G7 supports Taiwan’s observer status in the WHO

On the eve of the World Health Assembly’s annual meeting from May 24 to June 1, the world’s leading industrialized nations have publicly expressed their support for Taiwan’s observer status in the World Health Assembly. The World Health Assembly is the decision-making body of the World Health Organization.

This is the first time the G7 as a whole has supported Taiwan’s participation in the World Health Assembly.

“We support Taiwan’s meaningful participation in the World Health Organization’s forums and the World Health Assembly. The international community should be able to benefit from the experiences of all partners, including Taiwan’s successful contribution to the response to the Covid-19 pandemic,” the G7 said in a joint communiqué issued after a meeting of foreign ministers in London this Wednesday (May 5).

Taiwan said it was grateful for the strong support from the G7.

“Taiwan appreciates the strong support in the communiqué from all G7 foreign ministers and the EU for our meaningful participation in WHO and the WHO Assembly. Let Taiwan help and contribute to the global health system,” the Taipei Economic and Cultural Representative Office in the United States, Taiwan’s main representative office in the United States, said in a tweet.

Officials from Australia, India, South Africa, South Korea and Brunei were also guests at the G7 Foreign Affairs and Development Ministers meeting in London.

“We stress the importance of peace and stability in the Taiwan Strait and encourage the peaceful resolution of cross-strait issues. We reiterate our strong opposition to any unilateral action that could exacerbate tensions and undermine regional stability and the rules-based international order, and express our serious concern over reports of militarization, coercion and intimidation in the region,” said a communiqué issued after the meeting.

The statement came as China is stepping up its military activities by sending planes into Taiwan’s airspace.

Bonnie Glaser, director of the Asia Program at the German Marshall Fund of the United States, said, “It is significant that on such an important occasion as the G-7, democracies are coming together in one voice to emphasize their support for Taiwan’s participation in the World Health Organization.”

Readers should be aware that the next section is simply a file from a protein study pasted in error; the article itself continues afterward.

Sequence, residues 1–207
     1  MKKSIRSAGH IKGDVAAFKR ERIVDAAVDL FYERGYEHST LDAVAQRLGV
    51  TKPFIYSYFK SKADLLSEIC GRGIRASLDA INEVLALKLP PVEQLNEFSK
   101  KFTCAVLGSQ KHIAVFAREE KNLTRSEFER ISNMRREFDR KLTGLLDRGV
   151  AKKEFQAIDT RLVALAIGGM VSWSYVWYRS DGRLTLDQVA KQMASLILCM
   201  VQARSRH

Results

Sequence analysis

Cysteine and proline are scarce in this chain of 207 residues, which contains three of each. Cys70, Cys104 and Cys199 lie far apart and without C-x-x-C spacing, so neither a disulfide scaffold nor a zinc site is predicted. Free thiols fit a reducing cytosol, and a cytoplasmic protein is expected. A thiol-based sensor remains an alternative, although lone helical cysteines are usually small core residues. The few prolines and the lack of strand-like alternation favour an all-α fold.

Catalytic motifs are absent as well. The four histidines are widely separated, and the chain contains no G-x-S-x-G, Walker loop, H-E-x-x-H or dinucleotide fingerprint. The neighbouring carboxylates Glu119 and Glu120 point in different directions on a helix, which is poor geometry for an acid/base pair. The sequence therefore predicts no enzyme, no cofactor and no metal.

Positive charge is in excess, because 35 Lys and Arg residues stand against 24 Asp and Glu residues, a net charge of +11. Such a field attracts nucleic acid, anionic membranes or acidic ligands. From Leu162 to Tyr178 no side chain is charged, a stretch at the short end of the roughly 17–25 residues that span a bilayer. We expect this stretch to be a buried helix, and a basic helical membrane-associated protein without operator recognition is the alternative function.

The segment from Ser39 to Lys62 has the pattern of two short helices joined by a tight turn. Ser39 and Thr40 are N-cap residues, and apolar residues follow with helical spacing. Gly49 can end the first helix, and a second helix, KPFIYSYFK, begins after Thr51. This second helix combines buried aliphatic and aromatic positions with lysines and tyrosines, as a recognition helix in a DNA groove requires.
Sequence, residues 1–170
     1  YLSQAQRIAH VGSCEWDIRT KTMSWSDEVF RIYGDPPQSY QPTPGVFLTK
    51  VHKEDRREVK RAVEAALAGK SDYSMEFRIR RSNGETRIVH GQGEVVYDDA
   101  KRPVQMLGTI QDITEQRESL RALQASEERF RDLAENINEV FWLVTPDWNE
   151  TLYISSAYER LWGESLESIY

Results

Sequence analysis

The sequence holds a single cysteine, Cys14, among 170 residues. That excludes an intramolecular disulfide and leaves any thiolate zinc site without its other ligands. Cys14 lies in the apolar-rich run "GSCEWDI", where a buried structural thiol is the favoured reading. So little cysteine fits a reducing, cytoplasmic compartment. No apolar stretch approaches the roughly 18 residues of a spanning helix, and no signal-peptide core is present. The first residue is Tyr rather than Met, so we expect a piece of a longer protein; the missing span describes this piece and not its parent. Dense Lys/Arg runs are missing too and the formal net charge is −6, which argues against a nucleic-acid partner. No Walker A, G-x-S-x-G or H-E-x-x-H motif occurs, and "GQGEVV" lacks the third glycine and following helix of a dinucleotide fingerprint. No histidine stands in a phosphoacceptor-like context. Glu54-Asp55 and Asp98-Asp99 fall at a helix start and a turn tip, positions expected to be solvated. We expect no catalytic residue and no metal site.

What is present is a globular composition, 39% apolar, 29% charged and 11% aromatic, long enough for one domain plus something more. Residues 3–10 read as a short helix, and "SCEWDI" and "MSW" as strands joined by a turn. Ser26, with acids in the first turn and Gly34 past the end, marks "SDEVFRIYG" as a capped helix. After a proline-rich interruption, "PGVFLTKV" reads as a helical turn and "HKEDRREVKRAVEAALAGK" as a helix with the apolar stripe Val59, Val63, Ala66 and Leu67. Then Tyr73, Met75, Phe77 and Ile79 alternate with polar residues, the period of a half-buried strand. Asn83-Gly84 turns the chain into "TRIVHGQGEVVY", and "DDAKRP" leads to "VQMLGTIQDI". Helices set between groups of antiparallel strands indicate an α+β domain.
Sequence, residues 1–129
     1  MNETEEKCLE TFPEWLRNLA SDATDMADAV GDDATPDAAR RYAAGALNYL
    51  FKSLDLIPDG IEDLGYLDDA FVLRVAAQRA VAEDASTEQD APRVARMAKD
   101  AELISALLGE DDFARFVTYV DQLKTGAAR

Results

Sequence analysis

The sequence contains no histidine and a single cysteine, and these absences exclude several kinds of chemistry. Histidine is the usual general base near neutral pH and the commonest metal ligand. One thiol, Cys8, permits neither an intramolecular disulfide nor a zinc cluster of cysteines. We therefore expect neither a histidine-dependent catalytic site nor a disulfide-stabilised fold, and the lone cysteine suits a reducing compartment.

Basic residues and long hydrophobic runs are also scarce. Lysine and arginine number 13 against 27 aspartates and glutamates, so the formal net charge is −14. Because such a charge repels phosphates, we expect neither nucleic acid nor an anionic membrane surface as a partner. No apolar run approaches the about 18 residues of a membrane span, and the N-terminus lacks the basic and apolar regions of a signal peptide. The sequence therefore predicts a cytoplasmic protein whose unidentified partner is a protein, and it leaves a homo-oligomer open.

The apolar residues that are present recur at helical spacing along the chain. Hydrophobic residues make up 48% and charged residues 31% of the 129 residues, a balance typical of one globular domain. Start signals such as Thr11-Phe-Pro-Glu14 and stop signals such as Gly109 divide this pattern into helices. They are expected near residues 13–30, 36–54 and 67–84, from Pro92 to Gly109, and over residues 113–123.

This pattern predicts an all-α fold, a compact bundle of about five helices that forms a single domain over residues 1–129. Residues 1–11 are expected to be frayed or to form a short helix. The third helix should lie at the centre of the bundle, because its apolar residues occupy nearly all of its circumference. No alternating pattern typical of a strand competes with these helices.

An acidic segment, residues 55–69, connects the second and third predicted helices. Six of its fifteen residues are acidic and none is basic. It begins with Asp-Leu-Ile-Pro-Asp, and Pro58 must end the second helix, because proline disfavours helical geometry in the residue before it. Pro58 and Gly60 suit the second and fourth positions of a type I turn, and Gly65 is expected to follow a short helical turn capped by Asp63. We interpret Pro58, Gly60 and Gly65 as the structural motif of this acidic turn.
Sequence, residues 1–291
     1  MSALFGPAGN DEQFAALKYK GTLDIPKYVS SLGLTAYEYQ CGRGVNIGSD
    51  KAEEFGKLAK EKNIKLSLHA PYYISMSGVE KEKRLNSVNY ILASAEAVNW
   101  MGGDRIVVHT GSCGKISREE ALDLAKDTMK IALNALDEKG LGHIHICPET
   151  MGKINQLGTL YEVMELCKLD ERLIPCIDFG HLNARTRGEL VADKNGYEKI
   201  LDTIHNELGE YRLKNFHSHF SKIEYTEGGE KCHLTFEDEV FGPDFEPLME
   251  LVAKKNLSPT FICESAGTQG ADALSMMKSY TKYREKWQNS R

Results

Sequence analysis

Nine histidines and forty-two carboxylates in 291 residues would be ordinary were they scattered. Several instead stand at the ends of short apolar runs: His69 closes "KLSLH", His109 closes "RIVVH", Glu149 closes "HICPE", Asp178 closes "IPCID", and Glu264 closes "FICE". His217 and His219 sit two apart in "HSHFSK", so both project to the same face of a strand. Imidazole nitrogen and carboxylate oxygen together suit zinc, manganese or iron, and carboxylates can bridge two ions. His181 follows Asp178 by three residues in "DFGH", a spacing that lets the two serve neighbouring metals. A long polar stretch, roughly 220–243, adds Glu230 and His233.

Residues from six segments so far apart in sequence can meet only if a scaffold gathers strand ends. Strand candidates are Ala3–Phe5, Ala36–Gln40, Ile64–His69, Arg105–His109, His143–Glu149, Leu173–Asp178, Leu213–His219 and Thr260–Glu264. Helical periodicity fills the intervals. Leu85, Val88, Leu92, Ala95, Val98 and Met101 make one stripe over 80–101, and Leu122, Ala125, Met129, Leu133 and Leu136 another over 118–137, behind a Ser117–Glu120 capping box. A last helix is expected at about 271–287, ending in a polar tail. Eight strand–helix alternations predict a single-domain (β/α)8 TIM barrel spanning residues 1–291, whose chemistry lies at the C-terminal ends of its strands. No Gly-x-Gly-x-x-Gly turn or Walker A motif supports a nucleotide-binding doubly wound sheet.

The move is seen as a public rebuke to China. The government in Beijing has been preventing Taiwan’s representatives from attending WHO meetings since the election of China-skeptical Tsai Ing-wen as president in 2016 and 2020 in self-governing Taiwan.

From 2009 to 2016, during a period of relatively friendly relations between Beijing and Taipei, Taiwan’s delegates attended the World Health Assembly as non-voting observers.

Non-member states and territories can participate in the World Health Assembly as observers.

On Monday, Chinese Ambassador to the UN Zhang Jun reiterated Beijing’s opposition to inviting Taiwan to the World Health Assembly later this month.

“Our clear and firm position is that the United Nations is an organization made up of sovereign states and Taiwan is not eligible to participate in these organizations,” Zhang Jun said when asked if Taiwan should be allowed to attend the WHO as an observer.

“Beijing’s action to prevent Taiwan from joining the WHO is counterproductive” and not in the interest of the broader international community, Ge Laiyi told VOA on Wednesday.

A senior U.S. official told reporters that Taiwan has “a lot of experience” in fighting the spread of the coronavirus, which “could help us all, and excluding them seems really botched.